I have just acquired a set of 21 inch split rims. The latches are long since missing. I am going to make a set of latches for each. What have some of you folks done to solve this problem? Could you post a picture?
You could find a rusty set of split rims with the same type of latch and try putting those latches onto your rims. Ive had rusted rims and always remove the lugs before scrapping the rest but don't bother with the latches. Sorry, but I don't have any rusted rims now.
I've always thought about making a bunch of the swing style latches for 21" Hayes rims, but I would like to get the print for them instead of just copying an old one. If anybody happens to have a copy of the Ford print that shows the latch and they send it to me, I'll get some made up within the next few months and I'll send them a half dozen new latches in return. Otherwise, the latch is on my list to see if I can find the next time I get to Dearborn which could be over a year away.
There are two common types of latches for these rims. The difficult part for the "swinging" type latch isn't making the swinging part. I could make that out of flat-stock with a hacksaw and a bench grinder. The tough part is making the shouldered rivet to hold it tight but still turn it by tapping with a hammer.
I would consider modifying these rims to the other type. A simple piece of flat-stock about 3/4 inch wide with about a 1/2 inch hole near the outer end attached in the center of the end of the rim that does not have the valve stem. The originals were riveted, braze would probably work. A 1/4 inch fine thread nut can be carefully brazed onto the other end of the rim to EXACTLY line up with the hole in the flat-stock with the rim in place. Then re-drill the hole and tap it for 5/16 fine thread. (The reasons for all the foolishness with the nut, is that with only a little work, it fits well. The flat sides attach well to the brazing. And it re-drills and taps easily following the smaller threads. You would be amazed at the pieces I have built or repaired by brazing nuts together.)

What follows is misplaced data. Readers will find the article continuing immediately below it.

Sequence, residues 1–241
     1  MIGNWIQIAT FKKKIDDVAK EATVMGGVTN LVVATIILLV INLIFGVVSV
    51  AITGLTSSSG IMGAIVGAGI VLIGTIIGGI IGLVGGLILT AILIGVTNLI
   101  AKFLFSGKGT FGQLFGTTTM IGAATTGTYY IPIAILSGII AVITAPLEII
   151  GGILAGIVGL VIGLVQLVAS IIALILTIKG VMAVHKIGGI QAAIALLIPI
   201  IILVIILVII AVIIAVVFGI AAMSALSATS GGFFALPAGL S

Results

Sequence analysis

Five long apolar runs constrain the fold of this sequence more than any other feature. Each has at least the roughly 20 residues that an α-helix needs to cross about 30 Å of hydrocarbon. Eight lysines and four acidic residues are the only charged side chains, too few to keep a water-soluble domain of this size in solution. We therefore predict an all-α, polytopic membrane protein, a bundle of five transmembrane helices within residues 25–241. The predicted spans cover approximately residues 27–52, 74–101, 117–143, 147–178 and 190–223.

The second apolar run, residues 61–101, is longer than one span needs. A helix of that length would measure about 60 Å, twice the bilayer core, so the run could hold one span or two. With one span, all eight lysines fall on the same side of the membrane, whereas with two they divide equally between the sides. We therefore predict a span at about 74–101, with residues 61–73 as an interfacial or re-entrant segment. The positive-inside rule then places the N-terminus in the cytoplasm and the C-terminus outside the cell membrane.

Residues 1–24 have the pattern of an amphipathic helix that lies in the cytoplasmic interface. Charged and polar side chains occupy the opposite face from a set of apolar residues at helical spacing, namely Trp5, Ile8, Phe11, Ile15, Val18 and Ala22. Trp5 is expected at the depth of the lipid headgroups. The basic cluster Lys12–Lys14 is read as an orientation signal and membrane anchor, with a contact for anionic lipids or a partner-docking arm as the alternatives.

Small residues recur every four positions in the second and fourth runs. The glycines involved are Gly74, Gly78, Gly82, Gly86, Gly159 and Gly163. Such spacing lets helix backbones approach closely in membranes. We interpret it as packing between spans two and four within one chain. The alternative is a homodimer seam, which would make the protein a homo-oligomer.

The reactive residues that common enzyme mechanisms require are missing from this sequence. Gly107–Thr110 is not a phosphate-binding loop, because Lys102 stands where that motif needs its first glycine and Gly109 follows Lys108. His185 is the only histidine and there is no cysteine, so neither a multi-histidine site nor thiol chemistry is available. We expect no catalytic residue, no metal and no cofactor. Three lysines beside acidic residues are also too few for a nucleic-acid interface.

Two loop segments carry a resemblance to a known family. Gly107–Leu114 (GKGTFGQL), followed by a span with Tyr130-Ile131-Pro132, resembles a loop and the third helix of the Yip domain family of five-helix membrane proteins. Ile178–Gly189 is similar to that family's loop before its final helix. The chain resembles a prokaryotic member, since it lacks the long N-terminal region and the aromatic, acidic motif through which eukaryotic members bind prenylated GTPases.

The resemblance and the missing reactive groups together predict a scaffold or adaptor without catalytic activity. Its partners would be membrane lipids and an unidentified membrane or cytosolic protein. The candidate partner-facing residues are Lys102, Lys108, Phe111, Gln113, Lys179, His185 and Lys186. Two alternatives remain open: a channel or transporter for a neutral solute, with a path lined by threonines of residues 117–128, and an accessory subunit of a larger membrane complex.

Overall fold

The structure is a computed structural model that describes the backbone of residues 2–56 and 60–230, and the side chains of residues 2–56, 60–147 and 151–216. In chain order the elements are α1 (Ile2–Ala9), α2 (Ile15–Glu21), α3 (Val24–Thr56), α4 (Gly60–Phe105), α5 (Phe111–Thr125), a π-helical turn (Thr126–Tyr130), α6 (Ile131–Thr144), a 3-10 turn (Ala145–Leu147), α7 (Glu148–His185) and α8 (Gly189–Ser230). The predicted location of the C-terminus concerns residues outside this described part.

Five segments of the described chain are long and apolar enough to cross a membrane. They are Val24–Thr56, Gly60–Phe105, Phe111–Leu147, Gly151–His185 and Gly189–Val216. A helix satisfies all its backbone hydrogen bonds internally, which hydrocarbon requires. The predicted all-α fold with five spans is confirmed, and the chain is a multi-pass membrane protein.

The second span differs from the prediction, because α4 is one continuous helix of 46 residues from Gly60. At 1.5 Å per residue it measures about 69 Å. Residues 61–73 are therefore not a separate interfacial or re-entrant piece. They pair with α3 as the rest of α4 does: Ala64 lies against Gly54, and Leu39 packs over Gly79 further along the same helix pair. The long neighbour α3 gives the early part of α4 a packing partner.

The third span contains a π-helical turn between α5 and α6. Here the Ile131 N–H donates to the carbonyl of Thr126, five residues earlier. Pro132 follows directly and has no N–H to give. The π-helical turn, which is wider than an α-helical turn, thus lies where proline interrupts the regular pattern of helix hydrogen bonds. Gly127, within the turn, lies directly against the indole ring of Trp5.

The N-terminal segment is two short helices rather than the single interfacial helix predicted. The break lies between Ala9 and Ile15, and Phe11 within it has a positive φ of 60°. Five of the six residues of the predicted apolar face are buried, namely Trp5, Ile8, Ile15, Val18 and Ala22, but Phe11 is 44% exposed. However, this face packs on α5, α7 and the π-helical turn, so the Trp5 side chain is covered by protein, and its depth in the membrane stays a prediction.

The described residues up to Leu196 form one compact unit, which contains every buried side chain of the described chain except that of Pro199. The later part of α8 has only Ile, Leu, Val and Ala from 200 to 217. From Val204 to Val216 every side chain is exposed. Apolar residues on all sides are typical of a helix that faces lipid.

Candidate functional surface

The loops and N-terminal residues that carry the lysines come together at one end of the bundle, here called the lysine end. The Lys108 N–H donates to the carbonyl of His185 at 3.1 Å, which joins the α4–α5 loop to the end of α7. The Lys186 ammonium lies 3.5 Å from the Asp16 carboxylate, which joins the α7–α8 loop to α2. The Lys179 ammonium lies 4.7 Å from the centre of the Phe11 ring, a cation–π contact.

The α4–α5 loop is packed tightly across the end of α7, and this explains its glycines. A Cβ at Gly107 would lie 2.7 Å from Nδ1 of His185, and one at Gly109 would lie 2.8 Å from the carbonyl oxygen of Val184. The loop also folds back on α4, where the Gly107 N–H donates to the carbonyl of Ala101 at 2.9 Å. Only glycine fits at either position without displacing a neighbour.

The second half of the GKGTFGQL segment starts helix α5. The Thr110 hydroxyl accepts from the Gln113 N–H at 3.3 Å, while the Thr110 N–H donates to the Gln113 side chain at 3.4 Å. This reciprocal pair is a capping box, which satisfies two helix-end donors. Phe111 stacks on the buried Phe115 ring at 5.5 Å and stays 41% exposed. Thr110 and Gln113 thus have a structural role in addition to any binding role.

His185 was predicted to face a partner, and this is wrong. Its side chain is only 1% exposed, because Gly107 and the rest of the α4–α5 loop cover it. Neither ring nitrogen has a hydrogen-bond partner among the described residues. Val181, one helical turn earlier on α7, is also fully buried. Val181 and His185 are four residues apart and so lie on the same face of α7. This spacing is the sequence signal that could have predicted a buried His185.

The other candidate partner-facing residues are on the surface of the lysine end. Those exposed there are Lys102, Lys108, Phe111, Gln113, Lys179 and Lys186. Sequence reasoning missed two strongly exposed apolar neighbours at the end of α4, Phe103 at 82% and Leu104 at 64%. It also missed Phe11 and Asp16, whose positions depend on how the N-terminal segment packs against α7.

Now for my requisite dispelling of a myth. These "one piece" split rims, although generally called split rims, are not the notoriously deadly split rims that are two or three part rims. Either the two or the three part rims (also called split rims) can blow apart with many hundreds of pounds of force throwing a three pound steel ring with enough speed and power to separate your head from your shoulders.
The common split rims used by Ford and a hundred other companies (almost) can't do anything like that. It is not really recommended. But you can actually use these rims without a catch. Mount the rim and tube in the tire. Then air it up slowly, making sure the ends of the rim are lined up straight. Once the tire has about 35lbs of air and the rim is being squeezed and held in line by the tube and tire by many hundreds of pounds pressure. It doesn't want to come apart. But I prefer it on a wheel now, not loose.
If the rim DID manage to slip aside (which it cannot do if it is on a wheel) the tube would blow out with a bang heard for miles. You could be surprised enough to fall down, hit your head, have an accident with a power tool. Something like that could cause serious injury or death. Just like any unexpected catastrophic blowout a few feet from where you are working. But the rim itself cannot hurt you, unless you have your finger in the perfect wrong spot. You could get bit and have a boo boo.
I go through all this because many people have heard about the dangers of split rims and become afraid of these on their model T. I want them to feel secure on the original type wheels and rims.
Drive safely, W2
Here is a picture of a homemade latch somebody made on my spare. It is not very pretty but it works. I hope you can see the picture clearly enough to tell the they made a sort of door hinge with a 1/4 inch bolt. I think I would have used a clevis pin instead. Maybe this will give you some ideals that you can improve on.
The previous owner of my T had the split rim fasteners redone. He had someone make the parts and he welded them in. He had extras made so I have a few. I have not removed a tire to see what the insides of the rims look like.
Here are a few pictures;
Jason, et al,
That is a good repair. I like that. Thank you for posting those pictures.
Drive safe, W2